London’s most dynamic and successful football academy Kinetic will celebrate its ten-year anniversary this coming June.
Harry Hudson, head of the Kinetic Academy, founded the Croydon-based charity following the London Riots, determined to use football as a vehicle for positive change after witnessing social unrest across the city.
Hudson said: “We’re ten years old this June as we were born out of the 2011 London Riots.
“When I came out of university, the London Riots demonstrated how much social unrest there was amongst young people and how they felt there were considerable barriers to what they wanted to achieve.
“Studying social inclusion projects and working at the Fulham Foundation on my gap year really opened my eyes into the importance of football for social change, so I went about creating my own model with Kinetic.”
Whilst recognising the work of other charitable organisations in promoting positive outcomes for young people, Hudson placed emphasis on building connections and rapport with youths.
Hudson said: “A lot of third-sector organisations do fantastic work delivering workshops with young people about the dangers of knife crime for example, but the impact is minimal as the young people just aren’t engaged.
“At Kinetic, we reverse the model. We prioritise the relationships and trust with young people by doing something they love in football.
“Once they drop the barriers between young person and adult, which is often negative when you think about the police and teachers, our work is far more impactful and we can treat the issues.”
Kinetic has three tiers to its programme: a community element, focusing on fun, engaging sessions during high incidence of criminal behaviour and deprivation, a part-time academy, and their biggest project, the full-time academy programme.
“We partner with the foundation to deliver our full-time academy programme for over 16’s. This year we have 200 young people and next year we could possibly have 300,” said Hudson.
“They study full-time, either three A-levels, a hybrid of an A-level and a vocational subject, a GCSE resit pathway or a trade-based course and still train five days a week.”
The programme has been a huge success since its launch in 2011 and in particular the last eight seasons, where several Kinetic players achieved their lifelong dreams of becoming a professional footballer.
Two of the major success stories to be born out of the Kinetic academy are Nigerian internationals Josh Maja and Joe Aribo, with Hudson referring to the differences in their football journeys and how Kinetic had to adapt to their individual needs.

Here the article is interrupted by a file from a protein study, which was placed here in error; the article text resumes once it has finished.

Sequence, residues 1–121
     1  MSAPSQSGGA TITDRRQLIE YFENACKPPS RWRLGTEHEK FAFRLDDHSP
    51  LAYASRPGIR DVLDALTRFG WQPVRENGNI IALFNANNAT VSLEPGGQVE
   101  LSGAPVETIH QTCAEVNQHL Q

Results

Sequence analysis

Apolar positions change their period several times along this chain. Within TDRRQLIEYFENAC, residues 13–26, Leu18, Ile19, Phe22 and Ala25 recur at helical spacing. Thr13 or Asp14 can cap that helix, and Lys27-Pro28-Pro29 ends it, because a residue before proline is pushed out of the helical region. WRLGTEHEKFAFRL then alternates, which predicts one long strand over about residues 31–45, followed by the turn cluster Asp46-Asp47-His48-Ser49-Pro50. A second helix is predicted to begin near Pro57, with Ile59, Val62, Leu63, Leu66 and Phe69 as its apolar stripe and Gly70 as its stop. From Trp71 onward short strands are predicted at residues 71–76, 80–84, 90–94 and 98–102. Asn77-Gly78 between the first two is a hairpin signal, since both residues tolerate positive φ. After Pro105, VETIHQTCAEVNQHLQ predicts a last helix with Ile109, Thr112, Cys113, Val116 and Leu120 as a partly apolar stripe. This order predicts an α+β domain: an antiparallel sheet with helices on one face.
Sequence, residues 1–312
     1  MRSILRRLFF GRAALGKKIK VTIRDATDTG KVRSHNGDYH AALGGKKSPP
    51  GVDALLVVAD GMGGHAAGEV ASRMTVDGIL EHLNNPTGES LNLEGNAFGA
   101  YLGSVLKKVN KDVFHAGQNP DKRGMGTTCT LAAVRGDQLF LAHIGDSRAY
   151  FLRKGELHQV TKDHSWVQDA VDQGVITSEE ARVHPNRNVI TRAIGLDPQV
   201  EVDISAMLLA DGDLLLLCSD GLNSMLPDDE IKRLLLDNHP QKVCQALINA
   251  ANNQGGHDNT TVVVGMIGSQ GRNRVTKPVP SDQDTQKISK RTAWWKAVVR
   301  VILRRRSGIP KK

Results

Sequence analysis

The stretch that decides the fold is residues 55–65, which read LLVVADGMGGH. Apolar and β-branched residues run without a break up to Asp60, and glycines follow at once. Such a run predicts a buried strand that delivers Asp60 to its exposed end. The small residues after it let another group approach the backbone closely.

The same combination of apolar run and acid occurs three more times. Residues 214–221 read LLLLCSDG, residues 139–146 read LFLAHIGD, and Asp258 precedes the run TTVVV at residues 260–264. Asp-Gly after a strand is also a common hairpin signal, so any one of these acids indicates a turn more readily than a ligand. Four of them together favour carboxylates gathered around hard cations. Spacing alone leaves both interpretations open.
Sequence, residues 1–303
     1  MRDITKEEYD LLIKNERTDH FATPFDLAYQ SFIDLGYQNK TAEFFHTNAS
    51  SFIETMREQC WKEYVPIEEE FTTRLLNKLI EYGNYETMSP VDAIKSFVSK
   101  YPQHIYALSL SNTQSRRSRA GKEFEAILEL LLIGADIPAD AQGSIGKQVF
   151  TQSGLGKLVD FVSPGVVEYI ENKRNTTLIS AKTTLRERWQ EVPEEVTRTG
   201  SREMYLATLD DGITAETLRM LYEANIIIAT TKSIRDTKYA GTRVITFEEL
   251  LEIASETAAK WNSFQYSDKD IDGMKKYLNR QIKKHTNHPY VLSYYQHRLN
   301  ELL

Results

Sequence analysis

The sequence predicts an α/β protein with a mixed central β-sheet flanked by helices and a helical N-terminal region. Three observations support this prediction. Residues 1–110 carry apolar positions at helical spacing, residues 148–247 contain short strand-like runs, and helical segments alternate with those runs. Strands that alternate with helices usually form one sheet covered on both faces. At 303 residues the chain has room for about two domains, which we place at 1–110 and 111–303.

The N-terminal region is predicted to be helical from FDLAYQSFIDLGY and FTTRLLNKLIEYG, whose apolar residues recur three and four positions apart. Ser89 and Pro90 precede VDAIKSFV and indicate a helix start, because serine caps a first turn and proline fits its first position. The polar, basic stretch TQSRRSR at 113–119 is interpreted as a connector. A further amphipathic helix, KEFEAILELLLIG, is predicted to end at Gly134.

Hudson said: “We’re pretty successful with boys getting signed. We had 45 boys in eight seasons being signed which is pretty much unheard of at grassroots level, especially at the age group we work with.
“Josh was always signed to an academy. A few years ago he took some time away from professional football and we really focused on maturing his body and his athleticism when he came to Kinetic.
“Josh was super talented, an elite footballer, by far the best player I have ever worked with.
“Joe on the other hand, was never at a club until he was 19 and was with us for almost four years.
“He probably didn’t believe he was going to make it because he never had that opportunity and had loads of aspects of his game to work on as well as socially.
“Fast forward to where they are now and they are both full Nigerian internationals. It’s just fascinating how different their needs were from a Kinetic point of view.”
Reading starlet Omar Richards, currently linked with Bayern Munich, 17-year-old wonderkid Kwadwo Baah and Welsh international Rhys Norrington-Davies are also products of Kinetic.
Hudson placed Kinetic’s recent success on professional clubs looking towards non-league and grass roots level football to uncover the next up-and-coming talent.
“There is so much interest in our country now from clubs trying to find the next unsigned talent that’s born off the back of the Jamie Vardy,” said Hudson.
“Vardy’s story has highlighted to clubs that there are players in non-league and grass roots that can make the telling difference.”
Hudson also believes professional clubs in England are starting to buy into a different type of player now than they did previously.
Hudson said: “If you look at the golden generation of England players, it was Beckham, Scholes, Gerrard, Lampard – they epitomised English football.
“Now it’s the likes of Foden, Sancho, Hudson-Odoi, they are totally different footballers and I think we have taken the leash off these creative players.
“Coaches are starting to value attributes that inner city kids have. They have that culture of playing on concrete pitches and it creates a certain type of player. We have always had those rough diamonds.”
You can read more about how Kinetic is helping players during the third national lockdown here.